The thing that irritates me is:

I *love* a good love story.

But too many romance publishers (maybe it’s the authors, or the “formula,” I don’t know) have emasculated the male to such a point they’re just woman-meets-eunuch stories, or woman-meets-‘woman-in-disguise-of-a-man’ stories.

(I’m also upset that so many romance books also portray men as merely lust-driven animals, but that’s another rant.)

What happened to guys who are guys?  Why can’t a self-reliant, confident, successful woman meet a regular ol’ guy and fall in love (and not want to change him, or make him ‘stronger, faster, better than he was before’)?

I thought love was allowing your mate to be themselves, and loving them anyway.


4 thoughts on “the thing that irritates me

  1. Hi Heather! Thanks for your comments on my weblog =]

    This is a really cool topic, something I’ve been thinking about lately as well. Could you elaborate on it at all, I mean, what qualities do you think might make a good regular guy instead of a eunuch or a lust-driven animal? Which characters would you say are examples of great fictional guys?

    I was thinking of making my own list, but I think it’d be neat to get a bunch of people’s opinions =]

  2. Hi there!

    I think it would be easier if I pointed out the things I see that are wrong, and go from there, lol.

    Mostly, when I read a typical romance novel, the guys aren’t believable, and that’s my biggest complaint. I mean, while it is a joke that guys “only have one thing on their mind,” that isn’t really the case. They have interests of their own, they have personality quirks that effect how they act. Most often, I don’t feel like the guys are fleshed out enough as people.

    Also, one thing I’ve learned from being married is that guys don’t think like women do. They don’t generally sit down and worry about where their relationship is going, and they don’t worry about what they’re going to wear. They don’t always have a solution, and deep down, they need us just as much as we need them despite the tough exterior.

    They also aren’t all A-type alphas, however, they do feel protective over those they love.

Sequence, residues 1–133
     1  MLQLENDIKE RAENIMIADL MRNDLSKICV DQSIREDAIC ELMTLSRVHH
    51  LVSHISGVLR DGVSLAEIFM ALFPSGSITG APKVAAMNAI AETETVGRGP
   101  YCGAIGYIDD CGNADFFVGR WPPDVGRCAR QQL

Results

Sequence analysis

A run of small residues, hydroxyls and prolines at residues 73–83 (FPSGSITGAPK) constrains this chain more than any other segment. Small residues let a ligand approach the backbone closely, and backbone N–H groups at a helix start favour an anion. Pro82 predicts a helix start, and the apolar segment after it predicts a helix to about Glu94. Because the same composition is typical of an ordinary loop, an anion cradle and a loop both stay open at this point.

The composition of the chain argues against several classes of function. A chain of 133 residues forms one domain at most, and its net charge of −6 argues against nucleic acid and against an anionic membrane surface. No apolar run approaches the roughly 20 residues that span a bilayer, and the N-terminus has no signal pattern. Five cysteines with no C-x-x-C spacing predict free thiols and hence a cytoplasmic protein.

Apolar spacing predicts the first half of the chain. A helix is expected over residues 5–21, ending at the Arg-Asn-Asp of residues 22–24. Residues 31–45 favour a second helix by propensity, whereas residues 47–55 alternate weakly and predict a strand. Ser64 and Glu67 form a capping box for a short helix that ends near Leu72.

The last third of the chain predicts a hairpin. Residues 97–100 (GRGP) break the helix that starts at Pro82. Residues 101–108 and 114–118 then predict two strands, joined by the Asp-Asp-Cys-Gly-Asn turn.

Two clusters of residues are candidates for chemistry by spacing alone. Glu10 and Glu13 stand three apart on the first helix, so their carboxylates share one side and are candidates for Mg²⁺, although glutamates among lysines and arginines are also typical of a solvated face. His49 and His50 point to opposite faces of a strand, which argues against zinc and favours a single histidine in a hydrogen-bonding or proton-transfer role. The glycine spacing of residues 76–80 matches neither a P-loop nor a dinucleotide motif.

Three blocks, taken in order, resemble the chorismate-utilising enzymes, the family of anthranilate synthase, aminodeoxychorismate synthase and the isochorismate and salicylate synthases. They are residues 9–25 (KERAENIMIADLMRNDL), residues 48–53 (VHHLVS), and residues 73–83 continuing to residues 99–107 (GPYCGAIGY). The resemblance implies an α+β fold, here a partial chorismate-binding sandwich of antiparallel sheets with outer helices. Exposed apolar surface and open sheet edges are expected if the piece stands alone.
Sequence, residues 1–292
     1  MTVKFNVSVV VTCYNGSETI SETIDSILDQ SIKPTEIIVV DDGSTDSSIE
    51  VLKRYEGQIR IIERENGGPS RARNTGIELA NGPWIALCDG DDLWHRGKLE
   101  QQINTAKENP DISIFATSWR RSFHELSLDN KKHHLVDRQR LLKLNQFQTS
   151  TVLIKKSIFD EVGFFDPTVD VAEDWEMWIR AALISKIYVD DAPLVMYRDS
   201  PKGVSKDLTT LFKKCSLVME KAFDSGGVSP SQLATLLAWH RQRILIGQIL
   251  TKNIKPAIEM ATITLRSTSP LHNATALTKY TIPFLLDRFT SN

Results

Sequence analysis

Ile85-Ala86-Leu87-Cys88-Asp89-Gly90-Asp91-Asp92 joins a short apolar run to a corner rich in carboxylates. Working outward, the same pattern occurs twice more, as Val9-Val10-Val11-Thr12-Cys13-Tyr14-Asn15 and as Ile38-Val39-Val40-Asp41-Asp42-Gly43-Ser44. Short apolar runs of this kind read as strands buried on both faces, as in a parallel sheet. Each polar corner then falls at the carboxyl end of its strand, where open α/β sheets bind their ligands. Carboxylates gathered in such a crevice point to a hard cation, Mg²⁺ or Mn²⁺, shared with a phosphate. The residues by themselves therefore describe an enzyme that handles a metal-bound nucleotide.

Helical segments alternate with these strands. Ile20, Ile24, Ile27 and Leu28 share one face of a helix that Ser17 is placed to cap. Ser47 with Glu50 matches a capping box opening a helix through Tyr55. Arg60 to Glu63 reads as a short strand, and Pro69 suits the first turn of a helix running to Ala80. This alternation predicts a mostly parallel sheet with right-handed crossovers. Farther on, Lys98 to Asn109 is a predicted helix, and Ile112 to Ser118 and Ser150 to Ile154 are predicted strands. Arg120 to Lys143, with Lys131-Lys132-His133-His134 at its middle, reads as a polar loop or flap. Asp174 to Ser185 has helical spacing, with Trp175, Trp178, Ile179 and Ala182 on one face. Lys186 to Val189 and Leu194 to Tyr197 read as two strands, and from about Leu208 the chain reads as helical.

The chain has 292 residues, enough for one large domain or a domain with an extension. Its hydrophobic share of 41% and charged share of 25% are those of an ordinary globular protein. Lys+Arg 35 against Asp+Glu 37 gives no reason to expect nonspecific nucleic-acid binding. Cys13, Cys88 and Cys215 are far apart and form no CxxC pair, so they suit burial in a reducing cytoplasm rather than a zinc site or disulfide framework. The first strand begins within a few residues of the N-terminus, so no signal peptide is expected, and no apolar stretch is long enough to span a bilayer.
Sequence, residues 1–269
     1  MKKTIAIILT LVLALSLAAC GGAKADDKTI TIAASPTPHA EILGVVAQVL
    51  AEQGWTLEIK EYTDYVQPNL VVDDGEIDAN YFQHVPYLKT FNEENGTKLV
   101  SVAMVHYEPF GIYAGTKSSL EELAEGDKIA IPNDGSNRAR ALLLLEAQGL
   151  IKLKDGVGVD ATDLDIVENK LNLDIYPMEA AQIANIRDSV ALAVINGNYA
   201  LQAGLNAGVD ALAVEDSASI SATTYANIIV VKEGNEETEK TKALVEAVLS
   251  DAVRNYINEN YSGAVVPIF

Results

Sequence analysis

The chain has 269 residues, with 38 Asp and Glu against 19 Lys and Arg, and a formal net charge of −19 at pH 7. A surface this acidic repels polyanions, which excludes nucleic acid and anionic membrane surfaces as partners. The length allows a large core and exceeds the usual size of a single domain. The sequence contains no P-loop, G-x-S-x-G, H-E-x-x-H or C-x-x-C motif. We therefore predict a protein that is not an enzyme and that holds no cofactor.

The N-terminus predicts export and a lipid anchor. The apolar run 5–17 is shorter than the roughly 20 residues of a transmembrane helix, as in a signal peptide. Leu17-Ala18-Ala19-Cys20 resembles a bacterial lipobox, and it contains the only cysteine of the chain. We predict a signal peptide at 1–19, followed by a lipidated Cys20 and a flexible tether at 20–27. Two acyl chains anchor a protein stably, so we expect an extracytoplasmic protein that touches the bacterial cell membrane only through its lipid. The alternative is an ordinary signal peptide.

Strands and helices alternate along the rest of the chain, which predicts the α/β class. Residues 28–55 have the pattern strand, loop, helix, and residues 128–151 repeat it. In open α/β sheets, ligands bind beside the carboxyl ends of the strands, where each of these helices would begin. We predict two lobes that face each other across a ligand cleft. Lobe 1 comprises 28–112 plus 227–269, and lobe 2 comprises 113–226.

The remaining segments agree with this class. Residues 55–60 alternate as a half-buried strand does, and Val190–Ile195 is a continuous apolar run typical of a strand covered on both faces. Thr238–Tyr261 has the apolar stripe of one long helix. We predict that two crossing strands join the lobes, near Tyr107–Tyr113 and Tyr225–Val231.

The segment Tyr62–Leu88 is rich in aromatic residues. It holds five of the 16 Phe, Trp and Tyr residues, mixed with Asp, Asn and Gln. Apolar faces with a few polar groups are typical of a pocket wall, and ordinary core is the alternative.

Most of them are normal looking, not drop-dead-gorgeous, calvin-klein model wannabes.

    Every one of them has flaws. No one is “perfect,” and while a romantic couple should be “right” for each other, neither member should be a God. (Unless you’re writing a mytho-romance, hehe.)

    Furthermore, men aren’t the cause of all evil (hehe). I notice in a lot of romances, the guys are always the one to screw things up, and then the book ends with them begging on their knees for forgiveness. I’m sorry. NOT a turn-on. No one is *that* wrong all the time.

    Good examples? The hard part with that is the fact that the good ones don’t generally stand out because they are believable as a character. They aren’t exceptional in absolutely every aspect (nor are they completely horrible in every aspect).

    My picks?

    -Carlisle from “Twilight.” His relationship with Esme was beautiful. There should be more romance like that.
    -Romeo, from “Romeo and Juliet.” Now he wasn’t a “man,” per se, but he was a good male character.
    -The Highwayman, aka. The Stork, from “The Highwayman” and also Cadderly from “The Cleric Quintet.” (by R.A. Salvatore)

    Anybody else want to weigh in?

  3. Thanks so much! I’m going to pay more attention, the next few books I read, and see if I can pick out characteristics that work, and ones that are too alpha or emasculated =]

    . . . Although I *have* dated guys who worried about what they were going to wear; it drove me nuts! ^_^

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